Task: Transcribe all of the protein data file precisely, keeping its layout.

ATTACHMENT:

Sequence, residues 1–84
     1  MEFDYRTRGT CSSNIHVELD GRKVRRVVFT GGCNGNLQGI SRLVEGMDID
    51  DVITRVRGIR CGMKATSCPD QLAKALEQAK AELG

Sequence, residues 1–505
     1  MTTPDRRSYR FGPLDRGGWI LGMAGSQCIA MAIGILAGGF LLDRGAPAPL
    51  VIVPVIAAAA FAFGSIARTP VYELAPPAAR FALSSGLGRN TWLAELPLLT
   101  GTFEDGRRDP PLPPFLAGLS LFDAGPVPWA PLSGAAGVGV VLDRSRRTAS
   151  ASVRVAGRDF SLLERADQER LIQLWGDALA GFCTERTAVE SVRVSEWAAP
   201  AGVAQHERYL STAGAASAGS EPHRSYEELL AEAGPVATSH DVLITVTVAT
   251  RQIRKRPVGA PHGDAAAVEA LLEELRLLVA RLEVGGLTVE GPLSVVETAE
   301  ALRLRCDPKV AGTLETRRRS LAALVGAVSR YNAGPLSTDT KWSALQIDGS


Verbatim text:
Sequence, residues 1–84
     1  MEFDYRTRGT CSSNIHVELD GRKVRRVVFT GGCNGNLQGI SRLVEGMDID
    51  DVITRVRGIR CGMKATSCPD QLAKALEQAK AELG

Sequence, residues 1–505
     1  MTTPDRRSYR FGPLDRGGWI LGMAGSQCIA MAIGILAGGF LLDRGAPAPL
    51  VIVPVIAAAA FAFGSIARTP VYELAPPAAR FALSSGLGRN TWLAELPLLT
   101  GTFEDGRRDP PLPPFLAGLS LFDAGPVPWA PLSGAAGVGV VLDRSRRTAS
   151  ASVRVAGRDF SLLERADQER LIQLWGDALA GFCTERTAVE SVRVSEWAAP
   201  AGVAQHERYL STAGAASAGS EPHRSYEELL AEAGPVATSH DVLITVTVAT
   251  RQIRKRPVGA PHGDAAAVEA LLEELRLLVA RLEVGGLTVE GPLSVVETAE
   301  ALRLRCDPKV AGTLETRRRS LAALVGAVSR YNAGPLSTDT KWSALQIDGS